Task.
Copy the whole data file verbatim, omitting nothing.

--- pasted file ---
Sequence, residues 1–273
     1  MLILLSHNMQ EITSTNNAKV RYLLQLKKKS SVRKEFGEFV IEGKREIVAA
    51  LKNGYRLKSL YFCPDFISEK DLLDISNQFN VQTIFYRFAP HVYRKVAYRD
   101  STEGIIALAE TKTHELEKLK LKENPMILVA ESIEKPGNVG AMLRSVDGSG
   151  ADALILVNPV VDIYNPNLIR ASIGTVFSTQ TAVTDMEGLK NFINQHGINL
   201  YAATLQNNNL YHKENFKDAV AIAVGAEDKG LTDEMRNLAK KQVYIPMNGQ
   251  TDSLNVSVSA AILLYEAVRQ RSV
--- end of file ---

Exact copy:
Sequence, residues 1–273
     1  MLILLSHNMQ EITSTNNAKV RYLLQLKKKS SVRKEFGEFV IEGKREIVAA
    51  LKNGYRLKSL YFCPDFISEK DLLDISNQFN VQTIFYRFAP HVYRKVAYRD
   101  STEGIIALAE TKTHELEKLK LKENPMILVA ESIEKPGNVG AMLRSVDGSG
   151  ADALILVNPV VDIYNPNLIR ASIGTVFSTQ TAVTDMEGLK NFINQHGINL
   201  YAATLQNNNL YHKENFKDAV AIAVGAEDKG LTDEMRNLAK KQVYIPMNGQ
   251  TDSLNVSVSA AILLYEAVRQ RSV